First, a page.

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Stickied post

There will be a new "Weekly Translation Challenge" on most Sundays and everyone is encouraged to participate! These challenges are intended to give community members an opportunity to practice translating or review others' translations, and we keep them stickied throughout the week. You can view past threads by clicking on this "Community" link.

You can also sign up to be automatically notified of new translation challenges.

This Week's Text:

Ancient Rome is important. To ignore the Romans is not just to turn a blind eye to the distant past. Rome still helps to define the way we understand our world and think about ourselves, from high theory to low comedy. After 2,000 years, it continues to underpin Western culture and politics, what we write and how we see the world, and our place in it.

The assassination of Julius Caesar on what the Romans called the Ides of March, 44 BCE, has provided the template, and the sometimes awkward justification, for the killing of tyrants ever since... Rome has bequeathed to us ideas of liberty and citizenship as much as of imperial exploitation, combined with a vocabulary of modern politics, from ‘senators’ to ‘dictators’. It has loaned us its catchphrases, from ‘fearing Greeks bearing gifts’ to ‘bread and circuses’ and ‘fiddling while Rome burns’ – even ‘where there’s life, there’s hope’.

— Excerpted from SPQR by Mary Beard

Please include the name of the language you're translating in your comment, and translate away!

Posted by
Chinese & Japanese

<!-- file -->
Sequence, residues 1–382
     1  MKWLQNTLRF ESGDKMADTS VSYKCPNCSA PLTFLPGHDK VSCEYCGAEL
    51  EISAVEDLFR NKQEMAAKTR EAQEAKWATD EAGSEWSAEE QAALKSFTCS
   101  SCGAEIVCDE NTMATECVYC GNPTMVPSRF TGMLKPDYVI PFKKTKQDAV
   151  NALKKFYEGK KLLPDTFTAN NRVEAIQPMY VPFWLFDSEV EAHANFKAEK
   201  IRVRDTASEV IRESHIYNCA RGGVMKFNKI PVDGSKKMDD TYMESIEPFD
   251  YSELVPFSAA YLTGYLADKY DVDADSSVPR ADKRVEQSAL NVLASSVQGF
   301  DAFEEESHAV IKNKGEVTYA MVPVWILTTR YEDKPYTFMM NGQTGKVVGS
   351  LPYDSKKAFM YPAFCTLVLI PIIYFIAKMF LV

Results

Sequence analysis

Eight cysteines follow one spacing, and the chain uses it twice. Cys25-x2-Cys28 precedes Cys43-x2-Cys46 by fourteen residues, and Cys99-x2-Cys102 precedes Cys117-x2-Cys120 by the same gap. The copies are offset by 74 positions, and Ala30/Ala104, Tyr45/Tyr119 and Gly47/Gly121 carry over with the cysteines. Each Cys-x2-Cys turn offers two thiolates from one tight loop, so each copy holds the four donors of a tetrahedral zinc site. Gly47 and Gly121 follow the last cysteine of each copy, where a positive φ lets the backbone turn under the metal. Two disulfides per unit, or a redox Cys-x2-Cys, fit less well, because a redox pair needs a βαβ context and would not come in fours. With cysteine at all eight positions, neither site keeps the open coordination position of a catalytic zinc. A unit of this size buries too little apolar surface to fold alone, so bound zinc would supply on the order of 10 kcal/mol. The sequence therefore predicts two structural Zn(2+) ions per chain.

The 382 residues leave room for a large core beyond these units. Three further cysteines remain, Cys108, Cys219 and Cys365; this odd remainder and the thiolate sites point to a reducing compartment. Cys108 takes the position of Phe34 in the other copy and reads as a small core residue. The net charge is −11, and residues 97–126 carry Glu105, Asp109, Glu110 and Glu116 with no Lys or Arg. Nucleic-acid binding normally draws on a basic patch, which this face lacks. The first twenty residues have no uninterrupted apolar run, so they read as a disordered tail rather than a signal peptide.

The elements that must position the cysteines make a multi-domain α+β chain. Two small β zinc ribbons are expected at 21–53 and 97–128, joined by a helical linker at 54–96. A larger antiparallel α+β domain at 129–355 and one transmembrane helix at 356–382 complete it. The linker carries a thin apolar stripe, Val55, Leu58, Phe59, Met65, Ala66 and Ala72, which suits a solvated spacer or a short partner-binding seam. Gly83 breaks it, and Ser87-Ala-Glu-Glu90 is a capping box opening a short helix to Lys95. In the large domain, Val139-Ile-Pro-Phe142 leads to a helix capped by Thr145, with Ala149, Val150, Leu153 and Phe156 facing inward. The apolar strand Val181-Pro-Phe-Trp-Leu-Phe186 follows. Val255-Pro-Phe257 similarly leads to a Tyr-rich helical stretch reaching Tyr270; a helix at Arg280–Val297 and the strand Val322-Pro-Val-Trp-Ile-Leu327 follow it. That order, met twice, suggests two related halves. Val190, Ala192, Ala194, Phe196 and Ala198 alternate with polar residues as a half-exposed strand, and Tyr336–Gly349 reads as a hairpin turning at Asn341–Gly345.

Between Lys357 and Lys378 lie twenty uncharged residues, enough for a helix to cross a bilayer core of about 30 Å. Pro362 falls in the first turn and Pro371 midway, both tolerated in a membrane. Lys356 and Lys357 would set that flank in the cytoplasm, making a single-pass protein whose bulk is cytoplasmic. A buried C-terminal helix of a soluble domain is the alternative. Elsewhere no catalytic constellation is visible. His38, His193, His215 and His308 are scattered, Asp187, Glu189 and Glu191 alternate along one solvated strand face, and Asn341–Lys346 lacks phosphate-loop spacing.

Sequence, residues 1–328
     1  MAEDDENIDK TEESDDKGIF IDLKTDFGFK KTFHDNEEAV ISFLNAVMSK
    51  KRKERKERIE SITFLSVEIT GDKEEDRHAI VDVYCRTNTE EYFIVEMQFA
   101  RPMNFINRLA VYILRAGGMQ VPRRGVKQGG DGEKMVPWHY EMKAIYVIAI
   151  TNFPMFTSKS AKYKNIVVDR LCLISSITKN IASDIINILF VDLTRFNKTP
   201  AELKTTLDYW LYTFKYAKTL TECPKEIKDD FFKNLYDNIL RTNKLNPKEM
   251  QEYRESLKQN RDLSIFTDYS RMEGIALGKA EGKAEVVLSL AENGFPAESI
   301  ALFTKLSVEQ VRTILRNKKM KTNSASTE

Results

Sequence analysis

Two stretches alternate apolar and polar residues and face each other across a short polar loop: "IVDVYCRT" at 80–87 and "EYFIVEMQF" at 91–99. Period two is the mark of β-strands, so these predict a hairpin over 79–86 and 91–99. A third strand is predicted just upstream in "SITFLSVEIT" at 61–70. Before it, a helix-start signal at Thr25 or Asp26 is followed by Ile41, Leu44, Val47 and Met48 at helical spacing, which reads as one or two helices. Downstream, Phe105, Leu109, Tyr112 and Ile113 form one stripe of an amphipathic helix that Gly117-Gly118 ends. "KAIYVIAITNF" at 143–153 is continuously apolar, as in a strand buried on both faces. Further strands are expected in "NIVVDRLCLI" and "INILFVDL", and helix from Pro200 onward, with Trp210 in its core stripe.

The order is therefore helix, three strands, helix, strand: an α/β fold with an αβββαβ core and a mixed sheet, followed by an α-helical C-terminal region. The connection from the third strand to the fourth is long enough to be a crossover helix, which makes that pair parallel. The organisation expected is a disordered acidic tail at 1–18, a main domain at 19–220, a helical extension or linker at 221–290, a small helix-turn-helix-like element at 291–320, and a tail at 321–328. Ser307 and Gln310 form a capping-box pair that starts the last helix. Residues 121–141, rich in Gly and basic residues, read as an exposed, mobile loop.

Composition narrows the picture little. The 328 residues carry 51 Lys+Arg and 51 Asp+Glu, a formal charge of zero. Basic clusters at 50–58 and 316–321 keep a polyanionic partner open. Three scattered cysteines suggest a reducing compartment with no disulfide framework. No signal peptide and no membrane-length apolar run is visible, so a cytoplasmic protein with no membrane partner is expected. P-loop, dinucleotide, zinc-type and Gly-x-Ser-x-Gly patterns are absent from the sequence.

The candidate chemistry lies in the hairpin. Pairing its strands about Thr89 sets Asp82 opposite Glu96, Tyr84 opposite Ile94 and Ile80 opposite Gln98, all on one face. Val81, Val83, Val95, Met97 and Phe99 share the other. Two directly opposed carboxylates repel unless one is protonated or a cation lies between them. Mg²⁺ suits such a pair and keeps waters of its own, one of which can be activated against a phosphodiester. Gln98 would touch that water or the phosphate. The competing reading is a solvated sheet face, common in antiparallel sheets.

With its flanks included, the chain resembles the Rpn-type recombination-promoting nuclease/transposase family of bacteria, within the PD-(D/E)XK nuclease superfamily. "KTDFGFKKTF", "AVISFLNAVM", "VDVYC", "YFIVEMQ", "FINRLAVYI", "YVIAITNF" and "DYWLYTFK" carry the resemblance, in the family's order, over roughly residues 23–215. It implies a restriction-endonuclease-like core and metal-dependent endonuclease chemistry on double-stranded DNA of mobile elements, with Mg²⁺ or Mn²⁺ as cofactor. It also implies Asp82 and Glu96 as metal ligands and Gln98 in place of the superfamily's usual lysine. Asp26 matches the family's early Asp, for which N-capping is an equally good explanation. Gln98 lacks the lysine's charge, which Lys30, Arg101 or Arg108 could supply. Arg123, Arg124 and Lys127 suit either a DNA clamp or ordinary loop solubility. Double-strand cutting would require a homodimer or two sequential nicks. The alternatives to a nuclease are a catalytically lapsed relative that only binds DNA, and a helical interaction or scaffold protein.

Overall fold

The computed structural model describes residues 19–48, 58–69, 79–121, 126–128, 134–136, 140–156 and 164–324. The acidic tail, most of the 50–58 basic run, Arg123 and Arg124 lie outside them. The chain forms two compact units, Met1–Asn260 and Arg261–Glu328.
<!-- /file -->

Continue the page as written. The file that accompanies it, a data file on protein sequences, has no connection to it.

9 days ago
Moderator of r/translatorStickied post

r/translator encourages people to follow the proper formatting guidelines, especially the inclusion of > in the title. However, I do want to remind the community that though our title rules are fairly strict, they also aren't draconian and not every post that doesn't meet the exact requirements gets removed. We mods have been getting a ton of reports from a few individuals on lots of posts that don't match the formatting guidelines exactly, and they are frankly, unnecessary.

It's okay for someone to submit a title like [English to Dutch] Text Paragraph, even if it doesn't have the >, as Ziwen is intentionally written to be moderately tolerant of bad formatting in post titles and to account for as many variations as possible. Same with something like Persian > English. this thing I found, even though there aren't any brackets ([, ]).

For the last two years, Ziwen has filtered out/rejected titles that match the following criteria:

  1. The title does not include a target language. An example of this would be the title Translate pls.

  2. The post's long title "buries the lede" and puts the target language towards the end without brackets. An example of this would be the title Could somebody please translate these two words from Japanese to English.

  3. The title does not include a source language. An example of this would be the title Translate to English please.

  4. The post is only for English. An example of this would be the title [English > English] "seak out" meaning. We redirect such inquiries to r/englishlearning or r/grammar.

With each rejection, Ziwen also suggests a new title for the post that would adhere to the formatting guidelines. That new title is included in a comment that's posted to the post and Ziwen automatically generates a resubmit link for the OP that pre-fills that new title in.